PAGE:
Our universities are in crisis. That’s bad news for democracy: Aaron Wudrick, David Livingstone, and David Tabachnick | Unpublished
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Unpublished Opinions

macdonald_laurier_institute's picture
Ottawa , Ontario
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MLI is rigorously independent and non-partisan, as symbolized by its name. Sir John A. Macdonald and Sir Wilfrid Laurier were two outstanding and long-serving prime ministers who represent the best of Canada’s distinguished political tradition. A Tory and a Grit, an English-speaker and a French-speaker, each of them championed the values that led to the creation of Canada and its emergence as one of the world’s leading democracies and a place where people may live in peace and freedom under the rule of law.

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Our universities are in crisis. That’s bad news for democracy: Aaron Wudrick, David Livingstone, and David Tabachnick

May 10, 2024
University building

Only one in 10 Canadians claim their education taught them how to discuss controversial issues.

By Aaron Wudrick, David Livingstone, and David Tabachnick, May 1, 2024

Our institutions of higher education are once again front and centre in the news as increasingly illiberal “Freedom Palestine” protests roil campuses across North America.

These events, however, are merely the latest expression of deeper compounding problems. Our universities are in serious trouble—and that’s bad news for our society overall.

It is worth examining how we got here. In much of Canada, the post-secondary sector faces a grim financial crisis. Consider a decades-long lack of meaningful public investment, recent cuts to international students, stingy performance-based funding models, and tuition freezes, and you can understand why colleges and universities are struggling even as enrolment has skyrocketed.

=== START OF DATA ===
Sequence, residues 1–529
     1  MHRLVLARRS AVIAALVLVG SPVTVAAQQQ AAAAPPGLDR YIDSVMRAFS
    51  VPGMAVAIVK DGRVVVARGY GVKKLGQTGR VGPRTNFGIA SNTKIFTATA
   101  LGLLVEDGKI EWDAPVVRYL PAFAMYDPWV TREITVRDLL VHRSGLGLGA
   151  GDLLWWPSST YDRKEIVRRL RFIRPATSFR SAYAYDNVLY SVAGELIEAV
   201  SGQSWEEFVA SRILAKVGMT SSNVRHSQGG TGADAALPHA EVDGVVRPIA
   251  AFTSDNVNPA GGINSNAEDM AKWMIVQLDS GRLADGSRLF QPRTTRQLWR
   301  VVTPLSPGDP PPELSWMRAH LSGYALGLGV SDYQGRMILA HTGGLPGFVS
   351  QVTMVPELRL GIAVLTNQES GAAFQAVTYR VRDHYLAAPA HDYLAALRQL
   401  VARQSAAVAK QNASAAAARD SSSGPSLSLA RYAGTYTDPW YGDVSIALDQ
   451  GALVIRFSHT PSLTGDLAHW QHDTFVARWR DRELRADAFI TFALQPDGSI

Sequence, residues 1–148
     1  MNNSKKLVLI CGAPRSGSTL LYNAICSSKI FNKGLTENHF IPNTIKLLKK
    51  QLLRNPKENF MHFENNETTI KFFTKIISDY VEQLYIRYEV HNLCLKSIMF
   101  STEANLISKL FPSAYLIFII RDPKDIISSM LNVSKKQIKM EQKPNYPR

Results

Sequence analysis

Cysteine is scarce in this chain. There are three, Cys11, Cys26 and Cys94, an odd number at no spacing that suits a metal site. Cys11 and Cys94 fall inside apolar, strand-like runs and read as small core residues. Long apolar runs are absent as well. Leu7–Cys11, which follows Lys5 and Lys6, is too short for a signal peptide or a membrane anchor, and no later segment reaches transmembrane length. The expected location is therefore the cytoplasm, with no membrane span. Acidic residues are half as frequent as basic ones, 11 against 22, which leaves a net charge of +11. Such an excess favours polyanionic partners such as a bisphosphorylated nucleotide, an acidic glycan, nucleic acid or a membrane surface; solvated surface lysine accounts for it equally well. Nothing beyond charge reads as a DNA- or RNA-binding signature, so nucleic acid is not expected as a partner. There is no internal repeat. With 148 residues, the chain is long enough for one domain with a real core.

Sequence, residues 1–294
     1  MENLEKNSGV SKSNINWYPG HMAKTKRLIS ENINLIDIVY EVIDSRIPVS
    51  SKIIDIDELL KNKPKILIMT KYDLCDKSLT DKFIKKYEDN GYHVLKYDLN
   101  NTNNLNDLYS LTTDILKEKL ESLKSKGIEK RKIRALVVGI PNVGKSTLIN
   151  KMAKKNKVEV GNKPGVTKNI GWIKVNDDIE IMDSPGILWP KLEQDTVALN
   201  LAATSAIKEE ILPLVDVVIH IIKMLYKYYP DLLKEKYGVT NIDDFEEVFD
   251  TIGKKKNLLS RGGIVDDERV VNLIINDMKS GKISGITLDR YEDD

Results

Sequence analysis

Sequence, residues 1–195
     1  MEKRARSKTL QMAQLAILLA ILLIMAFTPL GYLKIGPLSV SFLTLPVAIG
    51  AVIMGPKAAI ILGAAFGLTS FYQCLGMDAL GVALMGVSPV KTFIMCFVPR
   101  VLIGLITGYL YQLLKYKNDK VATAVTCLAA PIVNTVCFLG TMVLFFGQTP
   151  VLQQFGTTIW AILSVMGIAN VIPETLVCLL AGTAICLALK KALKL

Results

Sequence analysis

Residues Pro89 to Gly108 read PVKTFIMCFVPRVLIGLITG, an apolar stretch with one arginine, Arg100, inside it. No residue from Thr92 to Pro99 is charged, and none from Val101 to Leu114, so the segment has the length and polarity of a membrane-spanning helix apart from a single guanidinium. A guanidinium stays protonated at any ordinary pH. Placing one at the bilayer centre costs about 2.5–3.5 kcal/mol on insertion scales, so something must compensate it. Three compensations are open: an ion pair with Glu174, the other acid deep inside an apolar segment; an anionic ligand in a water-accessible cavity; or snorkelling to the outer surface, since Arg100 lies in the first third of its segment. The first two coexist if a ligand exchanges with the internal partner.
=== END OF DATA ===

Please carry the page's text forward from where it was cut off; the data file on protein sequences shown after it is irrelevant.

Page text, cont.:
It might seem that conservative governments are particularly hostile to the academy. Arguably, growing concerns about free speech on campus, diversity, equity, and inclusion programs, and left-leaning professoriates and administrations have led Ontario to provide the lowest per-student funding in Canada, while Alberta has reduced funding by 31 percent in real terms between 2019 and 2024.

While there may be no love lost between the premiers of these provinces and universities, there has been a significant shift away from public support, regardless of which party is in power. As Alex Usher, a higher education consultant, puts it, “The long-term picture (of the post-secondary sector) in Canada is thus a story of firmly pan-partisan public neglect.”

Read the rest of the article at > https://macdonaldlaurier.ca/our-universities-are-in-crisis-thats-bad-new...



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